Fasal currently has around 30 customers both in the B2B and B2C segment.
“We are very crop focused. We don’t work with every possible crop. For instance, we don’t work with wheat, rice or sugarcane but we work with horticulture farmers who grow crops like onion, tomato, capsicum, chilli. We also work with vineyards, grape and pomegranate farmers,” says Verma.
Grover Zampa Vineyards, the second-largest winemaker in India, is one of Fasal’s B2B customers today.
“When it comes to wine grapes, Brix and berry size are two important factors that decide the quality of the resultant wine. Brix is a measure to help determine the potential alcohol content of the wine from the grape and managing the berry size is important in order to control the skin-to-juice ratio which affects the complexity of the wine,” says Verma.
Wine grapes are usually grown under mild water stress. Water stress is the physiological stress that plants experience due to the lack of available moisture. Along with this managing parameter like temperature, humidity, soil moisture, and soil temperature are critical in order to get the best results during the winemaking process, adds Verma. Fasal’s solutions help vineyards monitor and manage water stress level at the primary and the secondary root zone and controlling the berry size and Brix of the grape.
Fasal’s pest and disease management solutions work on the logic that most crop-related disease and pests are triggered by weather conditions. Last year, after the irregular monsoon, farmers across more than half a dozen Indian states had to deal with pest attacks. In one instance, Brown plant hopper infestation destroyed over 180,000 hectares of rice plantations across 15 districts in Odisha.
“Currently we have models for around seven crops that work very accurately, these models once applied on a farm, keep monitoring the data and the algorithms are able to predict that you are going to have a particular disease. So instead of reacting to the disease, we help the farmers take preventive measures,” says Verma giving the example of how farmers could be alerted on chances of rain on a farm that is scheduled to be sprayed with pesticides as the rain could wash the pesticide off leaving the plants vulnerable. The system helps with preventive measures to protect crops and also helps farmers save costs on optimised used of pesticides.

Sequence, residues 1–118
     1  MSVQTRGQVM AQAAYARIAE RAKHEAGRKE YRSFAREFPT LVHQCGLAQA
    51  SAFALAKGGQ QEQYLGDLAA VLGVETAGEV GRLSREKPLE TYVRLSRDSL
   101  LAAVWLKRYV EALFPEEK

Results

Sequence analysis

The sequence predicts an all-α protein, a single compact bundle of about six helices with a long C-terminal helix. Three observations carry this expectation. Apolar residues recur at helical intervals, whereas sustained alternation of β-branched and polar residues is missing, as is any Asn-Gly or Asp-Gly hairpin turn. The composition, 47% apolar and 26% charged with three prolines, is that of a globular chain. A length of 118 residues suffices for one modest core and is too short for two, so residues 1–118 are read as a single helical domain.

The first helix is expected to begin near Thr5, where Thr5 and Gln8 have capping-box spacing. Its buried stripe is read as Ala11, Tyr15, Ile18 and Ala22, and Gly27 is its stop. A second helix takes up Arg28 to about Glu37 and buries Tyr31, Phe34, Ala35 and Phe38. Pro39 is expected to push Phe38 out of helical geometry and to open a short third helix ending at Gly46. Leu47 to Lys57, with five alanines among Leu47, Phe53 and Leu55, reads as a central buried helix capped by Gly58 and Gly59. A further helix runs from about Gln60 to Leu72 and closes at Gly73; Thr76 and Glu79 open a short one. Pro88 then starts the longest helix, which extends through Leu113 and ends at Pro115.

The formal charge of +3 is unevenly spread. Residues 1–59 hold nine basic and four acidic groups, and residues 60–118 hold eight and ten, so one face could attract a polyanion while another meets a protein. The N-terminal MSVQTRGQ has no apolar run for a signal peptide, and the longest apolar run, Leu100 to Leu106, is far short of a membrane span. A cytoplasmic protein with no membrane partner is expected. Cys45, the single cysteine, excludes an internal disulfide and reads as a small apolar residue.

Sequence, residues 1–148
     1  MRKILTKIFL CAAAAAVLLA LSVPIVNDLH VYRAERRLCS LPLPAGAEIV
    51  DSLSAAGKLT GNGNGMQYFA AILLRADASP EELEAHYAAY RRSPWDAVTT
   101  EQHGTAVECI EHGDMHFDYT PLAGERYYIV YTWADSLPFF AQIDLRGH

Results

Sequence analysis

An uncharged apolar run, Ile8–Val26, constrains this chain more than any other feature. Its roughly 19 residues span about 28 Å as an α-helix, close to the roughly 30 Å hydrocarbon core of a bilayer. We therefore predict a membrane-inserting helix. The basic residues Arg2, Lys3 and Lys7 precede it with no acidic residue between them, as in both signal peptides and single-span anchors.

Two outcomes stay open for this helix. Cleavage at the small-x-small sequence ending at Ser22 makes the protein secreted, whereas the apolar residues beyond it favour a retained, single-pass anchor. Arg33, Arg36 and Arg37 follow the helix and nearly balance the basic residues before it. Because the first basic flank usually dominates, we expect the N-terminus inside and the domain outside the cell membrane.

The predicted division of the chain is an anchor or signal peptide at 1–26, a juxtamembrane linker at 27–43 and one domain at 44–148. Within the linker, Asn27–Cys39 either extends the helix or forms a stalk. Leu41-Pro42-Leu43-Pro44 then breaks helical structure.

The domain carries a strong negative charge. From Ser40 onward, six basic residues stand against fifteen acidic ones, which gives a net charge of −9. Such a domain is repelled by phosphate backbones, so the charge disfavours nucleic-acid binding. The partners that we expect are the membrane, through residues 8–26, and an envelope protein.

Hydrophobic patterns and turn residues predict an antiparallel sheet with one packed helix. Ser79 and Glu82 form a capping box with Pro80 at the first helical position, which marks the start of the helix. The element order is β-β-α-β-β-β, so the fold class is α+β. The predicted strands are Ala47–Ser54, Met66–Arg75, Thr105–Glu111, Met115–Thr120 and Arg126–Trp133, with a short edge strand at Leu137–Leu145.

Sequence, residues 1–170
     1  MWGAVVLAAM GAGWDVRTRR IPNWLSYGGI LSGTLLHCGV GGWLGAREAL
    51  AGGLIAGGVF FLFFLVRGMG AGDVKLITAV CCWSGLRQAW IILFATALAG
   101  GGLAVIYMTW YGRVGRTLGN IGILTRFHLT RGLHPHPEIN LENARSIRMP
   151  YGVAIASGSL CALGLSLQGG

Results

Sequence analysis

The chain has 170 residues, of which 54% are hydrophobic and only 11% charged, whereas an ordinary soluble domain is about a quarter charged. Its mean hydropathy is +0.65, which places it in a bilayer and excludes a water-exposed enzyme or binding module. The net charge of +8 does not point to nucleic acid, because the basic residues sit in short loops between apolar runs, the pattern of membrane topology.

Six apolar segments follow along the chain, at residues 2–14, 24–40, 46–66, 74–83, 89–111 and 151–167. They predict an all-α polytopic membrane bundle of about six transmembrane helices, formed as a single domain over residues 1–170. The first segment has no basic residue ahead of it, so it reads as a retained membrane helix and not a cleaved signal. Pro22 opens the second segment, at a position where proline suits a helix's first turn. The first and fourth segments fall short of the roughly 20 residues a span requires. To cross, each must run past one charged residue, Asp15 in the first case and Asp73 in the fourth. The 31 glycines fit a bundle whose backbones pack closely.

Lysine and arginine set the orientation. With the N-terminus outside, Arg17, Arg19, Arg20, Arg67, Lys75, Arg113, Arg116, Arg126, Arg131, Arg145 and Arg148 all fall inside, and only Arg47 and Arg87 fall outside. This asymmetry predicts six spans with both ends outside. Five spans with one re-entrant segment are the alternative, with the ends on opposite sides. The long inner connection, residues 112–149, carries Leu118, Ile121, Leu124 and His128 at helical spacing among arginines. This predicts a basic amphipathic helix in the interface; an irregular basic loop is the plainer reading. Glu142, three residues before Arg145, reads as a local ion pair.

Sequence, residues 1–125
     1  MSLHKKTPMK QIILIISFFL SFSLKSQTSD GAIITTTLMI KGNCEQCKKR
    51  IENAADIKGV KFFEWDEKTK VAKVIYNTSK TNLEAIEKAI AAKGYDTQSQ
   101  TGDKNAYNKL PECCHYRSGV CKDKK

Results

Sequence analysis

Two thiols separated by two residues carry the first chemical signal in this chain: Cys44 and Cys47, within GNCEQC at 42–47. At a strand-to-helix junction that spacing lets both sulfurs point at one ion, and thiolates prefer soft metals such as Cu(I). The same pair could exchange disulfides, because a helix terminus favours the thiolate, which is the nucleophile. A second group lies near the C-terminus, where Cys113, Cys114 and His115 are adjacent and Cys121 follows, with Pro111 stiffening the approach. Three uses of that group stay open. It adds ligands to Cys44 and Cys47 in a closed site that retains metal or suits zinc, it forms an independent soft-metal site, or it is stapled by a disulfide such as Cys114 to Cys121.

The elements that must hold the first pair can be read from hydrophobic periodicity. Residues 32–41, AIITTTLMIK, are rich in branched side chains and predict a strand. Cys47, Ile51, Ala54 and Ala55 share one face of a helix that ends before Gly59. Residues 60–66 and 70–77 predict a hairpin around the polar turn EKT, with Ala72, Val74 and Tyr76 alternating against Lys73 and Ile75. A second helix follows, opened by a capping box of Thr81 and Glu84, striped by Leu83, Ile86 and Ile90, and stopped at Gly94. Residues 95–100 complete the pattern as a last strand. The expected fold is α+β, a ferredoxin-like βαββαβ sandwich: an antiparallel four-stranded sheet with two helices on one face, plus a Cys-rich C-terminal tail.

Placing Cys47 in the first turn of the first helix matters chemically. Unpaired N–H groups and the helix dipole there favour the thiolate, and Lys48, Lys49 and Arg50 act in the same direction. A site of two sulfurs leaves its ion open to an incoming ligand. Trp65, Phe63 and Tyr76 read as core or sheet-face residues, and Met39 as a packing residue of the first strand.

The three solutions are available by default for every farmer with the Fasal system.
While Fasal’s solution predominantly revolve around hyperlocal climate predictions, another Mohali-based company, AgNext has taken a different approach to help farmers by interlinking and combining various datasets.
AgNext positions itself as a data solutions company with an AI-powered backend.
“We see a confluence of data, from spatial, temporal and spectral data. Which means data coming from various technologies and not just an app,” says Taranjeet Singh Bhamra, CEO and co-founder of AgNext.
The types of data and capture technologies that the company employs include imagery data which can be captured using high-resolution cameras, satellite or drones. The other source is from IoT systems which use sensors on the field to collect data. The final source is spectral data which is captured using spectral imaging devices.
To explain one of their products, Bhamra gives the example of turmeric in which a constituent called curcumin defines what a farmer will get paid for the crop. Curcumin is a bright yellow chemical produced by certain plants and one of the main chemical constituents of turmeric. The substance is used as a herbal supplement, as an ingredient in cosmetic, also in food flavouring and colours. Curcumin content of turmeric is a key to deciding the price of curcumin and Indian turmeric, with a global market share of near 80%, is said to have the highest curcumin content globally.
The two major varieties of turmeric from India known globally are Madras with a curcumin content between 4% to 7% and Alleppey with a curcumin content of around 2%. Another variety called Lakadong from Meghalaya is also known for its high curcumin content of over 5%.
“The tests to determine the curcumin content are done in labs and takes around three to four days. We have developed a spectral analysis device that analyses the curcumin content in a particular turmeric harvest in 4 seconds,” says Bhamra, an IIT-Kharagpur and IIM-Kolkata grad.
Hyperspectral imaging systems, which works on the science of spectroscopy, emit a particular spectrum of light and an image is created based on the light that reflects back from the object. The reflection is analysed to determine the chemical composition of the object using reference data and AI models.